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Wi-Fi Signals Can Now Track And I.D. You, Even Through Walls

28 October 2015, 2:30 pm EDT By Robin Parrish Tech Times
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A fascinating new technology developed by a group at MIT uses Wi-Fi signals like sonar to detect human shapes. It's still rudimentary, but it could be used to monitor the elderly or detect heart problems.  ( Computer Science & Artificial Intellegence Laboratory | MIT )

In a day and age when everyone worries about surveillance and privacy, the last thing we want to hear is that technology has cooked up yet another way to identify and track us.

A team at MIT has done exactly that, but the group emphasizes its technology is intended for safety and health-related uses. Researchers at the Computer Science and Artificial Intelligence Lab have found a way to use Wi-Fi signals — the same signals that already permeate the air you're breathing right now in your home or office — like sonar. Their technique allows for locating a person's shape in the Wi-Fi soup, tracking their movements, and even learning to identify them based on their silhouette.

It's both cool and kind of creepy.

The technique, dubbed "RF-Capture," works through walls, too. Right now it's accurate enough to identify a human shape down to the shape and movement of their hand, but the MIT team expects it to return higher-resolution images in the future. At the moment, it can also capture a person's breathing and heart rate. In the future, it could be capable of detecting things like heart problems.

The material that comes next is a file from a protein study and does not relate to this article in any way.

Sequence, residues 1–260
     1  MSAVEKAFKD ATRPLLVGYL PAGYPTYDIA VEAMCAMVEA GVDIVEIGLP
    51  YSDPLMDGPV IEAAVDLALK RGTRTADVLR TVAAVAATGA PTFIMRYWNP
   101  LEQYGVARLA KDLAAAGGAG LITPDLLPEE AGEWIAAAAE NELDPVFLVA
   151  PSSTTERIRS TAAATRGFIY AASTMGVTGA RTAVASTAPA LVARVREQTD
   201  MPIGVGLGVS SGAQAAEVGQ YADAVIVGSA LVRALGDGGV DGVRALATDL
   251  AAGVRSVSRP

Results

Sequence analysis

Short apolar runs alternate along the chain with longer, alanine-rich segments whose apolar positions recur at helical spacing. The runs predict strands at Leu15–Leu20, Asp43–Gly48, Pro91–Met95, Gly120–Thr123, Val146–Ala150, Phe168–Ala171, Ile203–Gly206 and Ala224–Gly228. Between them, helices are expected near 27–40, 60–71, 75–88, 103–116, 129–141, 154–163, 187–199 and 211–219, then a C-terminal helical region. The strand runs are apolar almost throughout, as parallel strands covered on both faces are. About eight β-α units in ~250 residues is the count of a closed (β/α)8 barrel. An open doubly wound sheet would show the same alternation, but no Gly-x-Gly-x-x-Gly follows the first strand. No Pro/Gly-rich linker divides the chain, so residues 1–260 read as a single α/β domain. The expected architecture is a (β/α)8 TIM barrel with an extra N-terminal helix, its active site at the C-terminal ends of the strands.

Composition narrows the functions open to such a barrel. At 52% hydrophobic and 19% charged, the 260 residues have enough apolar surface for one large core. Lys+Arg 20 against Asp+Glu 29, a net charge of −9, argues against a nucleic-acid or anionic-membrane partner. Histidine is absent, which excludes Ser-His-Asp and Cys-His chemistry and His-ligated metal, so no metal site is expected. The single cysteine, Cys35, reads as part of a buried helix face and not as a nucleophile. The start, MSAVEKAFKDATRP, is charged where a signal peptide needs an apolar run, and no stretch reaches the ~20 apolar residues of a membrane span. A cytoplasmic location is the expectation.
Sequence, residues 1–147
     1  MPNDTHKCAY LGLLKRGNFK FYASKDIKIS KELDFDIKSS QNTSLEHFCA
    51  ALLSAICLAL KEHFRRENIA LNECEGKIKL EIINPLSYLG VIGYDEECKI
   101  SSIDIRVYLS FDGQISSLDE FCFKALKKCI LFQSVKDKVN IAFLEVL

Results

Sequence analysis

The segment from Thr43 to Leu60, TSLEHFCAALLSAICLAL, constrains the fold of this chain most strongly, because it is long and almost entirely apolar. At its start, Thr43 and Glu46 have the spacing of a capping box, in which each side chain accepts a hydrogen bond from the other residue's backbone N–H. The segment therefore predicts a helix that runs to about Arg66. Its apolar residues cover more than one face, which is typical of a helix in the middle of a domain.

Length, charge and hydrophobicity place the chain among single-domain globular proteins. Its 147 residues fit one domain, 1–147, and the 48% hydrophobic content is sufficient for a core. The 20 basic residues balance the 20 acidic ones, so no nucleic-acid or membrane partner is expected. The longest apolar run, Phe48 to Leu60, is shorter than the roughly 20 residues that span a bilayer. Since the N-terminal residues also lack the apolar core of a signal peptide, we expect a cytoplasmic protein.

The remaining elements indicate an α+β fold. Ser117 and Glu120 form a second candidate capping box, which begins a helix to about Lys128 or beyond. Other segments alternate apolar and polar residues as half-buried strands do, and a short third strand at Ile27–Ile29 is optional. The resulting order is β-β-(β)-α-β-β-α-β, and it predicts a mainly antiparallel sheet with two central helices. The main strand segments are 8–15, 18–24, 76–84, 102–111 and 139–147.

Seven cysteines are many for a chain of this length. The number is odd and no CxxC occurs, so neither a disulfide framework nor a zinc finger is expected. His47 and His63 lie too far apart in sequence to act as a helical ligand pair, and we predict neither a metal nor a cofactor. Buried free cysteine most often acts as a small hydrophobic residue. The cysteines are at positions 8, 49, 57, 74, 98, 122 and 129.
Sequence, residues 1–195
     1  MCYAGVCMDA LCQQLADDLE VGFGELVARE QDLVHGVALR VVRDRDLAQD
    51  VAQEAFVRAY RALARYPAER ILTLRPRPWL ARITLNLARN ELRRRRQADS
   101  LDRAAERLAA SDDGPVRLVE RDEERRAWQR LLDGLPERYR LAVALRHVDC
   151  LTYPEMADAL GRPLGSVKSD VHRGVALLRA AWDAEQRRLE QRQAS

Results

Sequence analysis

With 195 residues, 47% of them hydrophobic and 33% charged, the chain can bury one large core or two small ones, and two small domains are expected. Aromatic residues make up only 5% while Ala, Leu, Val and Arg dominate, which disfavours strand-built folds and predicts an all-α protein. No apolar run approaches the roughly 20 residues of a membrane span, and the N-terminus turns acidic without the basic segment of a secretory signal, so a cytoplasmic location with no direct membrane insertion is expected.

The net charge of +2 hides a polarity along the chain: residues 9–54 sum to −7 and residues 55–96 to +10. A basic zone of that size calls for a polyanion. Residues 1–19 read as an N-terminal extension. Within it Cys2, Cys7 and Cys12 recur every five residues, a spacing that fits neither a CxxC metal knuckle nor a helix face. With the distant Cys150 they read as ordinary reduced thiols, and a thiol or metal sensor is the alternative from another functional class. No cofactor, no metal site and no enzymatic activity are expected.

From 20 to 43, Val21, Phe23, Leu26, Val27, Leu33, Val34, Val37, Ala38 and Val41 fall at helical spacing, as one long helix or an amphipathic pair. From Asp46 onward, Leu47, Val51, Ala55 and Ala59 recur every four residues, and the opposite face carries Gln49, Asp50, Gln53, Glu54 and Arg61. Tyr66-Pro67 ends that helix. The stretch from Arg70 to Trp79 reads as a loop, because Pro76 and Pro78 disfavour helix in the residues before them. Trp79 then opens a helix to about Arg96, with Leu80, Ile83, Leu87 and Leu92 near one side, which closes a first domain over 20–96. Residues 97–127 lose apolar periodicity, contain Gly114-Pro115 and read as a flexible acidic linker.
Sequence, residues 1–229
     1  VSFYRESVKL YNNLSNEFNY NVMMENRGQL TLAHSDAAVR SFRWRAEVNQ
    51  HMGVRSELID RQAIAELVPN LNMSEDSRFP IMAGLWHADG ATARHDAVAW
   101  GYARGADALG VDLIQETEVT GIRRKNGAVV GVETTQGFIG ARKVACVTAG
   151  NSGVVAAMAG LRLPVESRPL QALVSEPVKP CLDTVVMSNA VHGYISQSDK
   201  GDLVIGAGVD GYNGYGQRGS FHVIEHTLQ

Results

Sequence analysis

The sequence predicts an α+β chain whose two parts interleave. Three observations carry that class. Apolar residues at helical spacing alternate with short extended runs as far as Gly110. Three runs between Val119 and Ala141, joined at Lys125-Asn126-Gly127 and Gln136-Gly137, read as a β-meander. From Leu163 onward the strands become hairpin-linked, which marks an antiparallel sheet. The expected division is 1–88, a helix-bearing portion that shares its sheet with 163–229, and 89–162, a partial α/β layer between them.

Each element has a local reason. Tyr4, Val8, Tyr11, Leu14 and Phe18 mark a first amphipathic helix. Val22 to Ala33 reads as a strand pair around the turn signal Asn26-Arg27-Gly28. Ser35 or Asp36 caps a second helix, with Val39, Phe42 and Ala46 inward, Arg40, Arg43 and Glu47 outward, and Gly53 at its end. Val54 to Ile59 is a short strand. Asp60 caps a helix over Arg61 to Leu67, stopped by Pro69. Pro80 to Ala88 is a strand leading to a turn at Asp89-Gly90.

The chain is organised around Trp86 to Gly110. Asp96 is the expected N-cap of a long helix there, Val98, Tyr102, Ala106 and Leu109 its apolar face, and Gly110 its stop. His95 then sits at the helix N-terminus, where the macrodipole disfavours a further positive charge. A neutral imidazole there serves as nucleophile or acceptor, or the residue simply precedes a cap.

Something they've discovered is that every person has a unique Wi-Fi silhouette, just as everyone has a different fingerprint. With repeated use, the MIT team believes learning algorithms can be employed to allow RF-Capture to recognize and remember a person based on their Wi-Fi silhouette. They postulate that this process could be used to create devices for scanning an elderly person's home to monitor them for falling over, and then calling 911 automatically.

The team is presenting its work on RF-Capture at SIGGRAPH Asia in November. A paper [PDF] was published this morning on its website at MIT.

The group makes it clear that privacy is a top concern, so encryption is being built into the technology from the start. They also intend to utilize blockers that will keep unauthorized users out of an individual's Wi-Fi system.

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